FORT WAYNE – Notre Dame men’s soccer player Nick Besler couldn’t help but be competitive.
The youngest of three brothers would find himself in the middle of a game anytime, anywhere – even when waiting for dinner.
Matt Besler, a former Irish All-American and current Sporting Kansas City defender, roped his younger brothers, Mike and Nick, into a grape-throwing contest when the three were younger. Matt tried to throw a grape across the kitchen into a glass as they sat at the table waiting for dinner.
After Matt’s toss missed badly, Nick said he would be able to do it and his grape bounced off the side of the glass. Mike then got involved and before they knew it, grapes were all over the kitchen.
It was unbelievable, I don’t know how my mom dealt with us at all, Matt said. We always pushed each other and tried to be the best.
The constant competition helped Nick become the player he is today, and his competitiveness will be on display at Parkview Field when Notre Dame plays Indiana in an exhibition match at 6:30 p.m. Saturday.
Having two older brothers who are both competitive in sports and being the youngest, it really just builds a competitive edge, Nick said. You are always competing, at least at a young age, with two older siblings that are more athletic and developed earlier. It gives you a competitive edge.
Nick, who can play in the central defense or as a defensive midfielder, didn’t just develop a mentality to play soccer from his brothers. He also learned what it takes to be successful away from sports.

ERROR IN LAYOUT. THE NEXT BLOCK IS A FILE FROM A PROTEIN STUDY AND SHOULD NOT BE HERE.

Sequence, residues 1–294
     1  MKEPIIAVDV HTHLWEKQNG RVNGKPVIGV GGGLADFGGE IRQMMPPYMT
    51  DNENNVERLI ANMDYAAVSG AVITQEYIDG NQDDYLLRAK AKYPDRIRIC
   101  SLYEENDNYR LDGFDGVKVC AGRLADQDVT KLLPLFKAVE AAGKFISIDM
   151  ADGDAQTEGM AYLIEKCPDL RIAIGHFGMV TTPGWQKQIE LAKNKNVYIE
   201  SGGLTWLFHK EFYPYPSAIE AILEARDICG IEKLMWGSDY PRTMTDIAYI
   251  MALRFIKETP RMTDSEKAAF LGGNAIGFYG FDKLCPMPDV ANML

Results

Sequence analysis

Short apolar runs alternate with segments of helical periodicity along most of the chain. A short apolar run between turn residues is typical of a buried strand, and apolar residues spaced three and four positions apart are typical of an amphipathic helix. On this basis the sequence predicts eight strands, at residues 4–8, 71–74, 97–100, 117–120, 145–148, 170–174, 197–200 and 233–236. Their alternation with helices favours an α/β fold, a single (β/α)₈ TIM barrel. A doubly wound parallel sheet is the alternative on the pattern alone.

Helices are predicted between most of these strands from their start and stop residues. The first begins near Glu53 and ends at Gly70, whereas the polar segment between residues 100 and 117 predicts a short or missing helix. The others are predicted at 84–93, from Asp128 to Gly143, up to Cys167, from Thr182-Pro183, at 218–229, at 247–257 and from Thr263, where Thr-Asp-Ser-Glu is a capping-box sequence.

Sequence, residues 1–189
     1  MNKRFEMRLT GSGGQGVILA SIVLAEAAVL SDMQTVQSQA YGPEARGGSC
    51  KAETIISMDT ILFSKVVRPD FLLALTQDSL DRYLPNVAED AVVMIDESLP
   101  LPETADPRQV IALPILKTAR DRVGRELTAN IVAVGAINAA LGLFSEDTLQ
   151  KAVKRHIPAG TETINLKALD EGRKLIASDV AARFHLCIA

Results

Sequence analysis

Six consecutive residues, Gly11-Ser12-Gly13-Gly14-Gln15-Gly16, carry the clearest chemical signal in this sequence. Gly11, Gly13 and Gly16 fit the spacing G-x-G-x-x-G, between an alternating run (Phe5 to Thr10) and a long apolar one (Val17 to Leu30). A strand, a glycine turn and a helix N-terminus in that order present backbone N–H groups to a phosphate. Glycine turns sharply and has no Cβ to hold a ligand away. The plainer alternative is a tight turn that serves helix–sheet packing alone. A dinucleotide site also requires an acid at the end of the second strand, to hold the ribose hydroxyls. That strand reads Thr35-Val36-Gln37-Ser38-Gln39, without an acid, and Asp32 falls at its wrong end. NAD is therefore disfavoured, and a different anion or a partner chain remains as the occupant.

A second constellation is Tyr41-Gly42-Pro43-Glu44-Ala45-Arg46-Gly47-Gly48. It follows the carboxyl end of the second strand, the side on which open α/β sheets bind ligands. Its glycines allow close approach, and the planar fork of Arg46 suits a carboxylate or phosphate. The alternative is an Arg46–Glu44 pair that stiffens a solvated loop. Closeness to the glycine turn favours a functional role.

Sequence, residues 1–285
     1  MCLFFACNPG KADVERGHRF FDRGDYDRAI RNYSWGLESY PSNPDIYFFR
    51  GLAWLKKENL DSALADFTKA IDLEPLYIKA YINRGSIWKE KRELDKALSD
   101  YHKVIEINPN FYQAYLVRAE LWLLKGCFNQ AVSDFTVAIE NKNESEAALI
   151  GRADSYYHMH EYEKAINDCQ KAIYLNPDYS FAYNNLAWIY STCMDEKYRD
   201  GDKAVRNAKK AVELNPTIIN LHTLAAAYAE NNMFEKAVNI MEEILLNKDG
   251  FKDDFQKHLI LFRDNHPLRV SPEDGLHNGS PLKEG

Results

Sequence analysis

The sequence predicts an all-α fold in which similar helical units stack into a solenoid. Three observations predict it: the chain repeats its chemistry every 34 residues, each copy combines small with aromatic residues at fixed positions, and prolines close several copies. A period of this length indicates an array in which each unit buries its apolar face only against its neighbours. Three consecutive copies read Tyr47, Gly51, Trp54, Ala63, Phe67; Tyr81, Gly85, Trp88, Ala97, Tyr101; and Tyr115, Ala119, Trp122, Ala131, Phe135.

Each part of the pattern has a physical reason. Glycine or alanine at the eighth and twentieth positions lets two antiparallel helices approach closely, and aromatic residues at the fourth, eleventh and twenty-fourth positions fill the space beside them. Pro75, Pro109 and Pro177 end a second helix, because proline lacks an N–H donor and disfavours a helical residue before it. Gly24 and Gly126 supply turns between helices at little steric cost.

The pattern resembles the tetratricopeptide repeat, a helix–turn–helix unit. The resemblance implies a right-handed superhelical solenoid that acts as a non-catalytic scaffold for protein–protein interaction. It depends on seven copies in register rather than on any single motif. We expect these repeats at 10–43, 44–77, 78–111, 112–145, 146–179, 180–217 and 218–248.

I think me and Mike never really realized it at the time, but Nick was looking up to us, Matt said. I think looking back, I think we did set a good example on how to play sports the right way and also how to handle things other than sports. I think Nick learned the right way.
Irish coach Bobby Clark said Nick is a mature player, and credits that to him having a successful older brother.
The younger brother is usually a little bit advanced, Clark said. The older brother is usually automatically a role model whereas the older brother usually didn’t have that role model. His role models would be at the club he played for and his coach where as the younger brother has this role model from a very early age. I think that usually helps.
Nick was able to help Notre Dame in his first season.
The 6-foot, 160-pound native of Overland Park, Kan., appeared in 13 games last season. As he gets ready for his sophomore season, Nick said he is ready to do more for the Irish.
I’m looking to make more of an impact when I’m on the field, Nick said. It was nice getting the experience in my first year. It kind of got any nerves out of the way. It’s like a fresh start, new year, new players around me, and I don’t have to feel I’m on the field to give some other guy a breather. I’m on the field to make an impact and make a difference.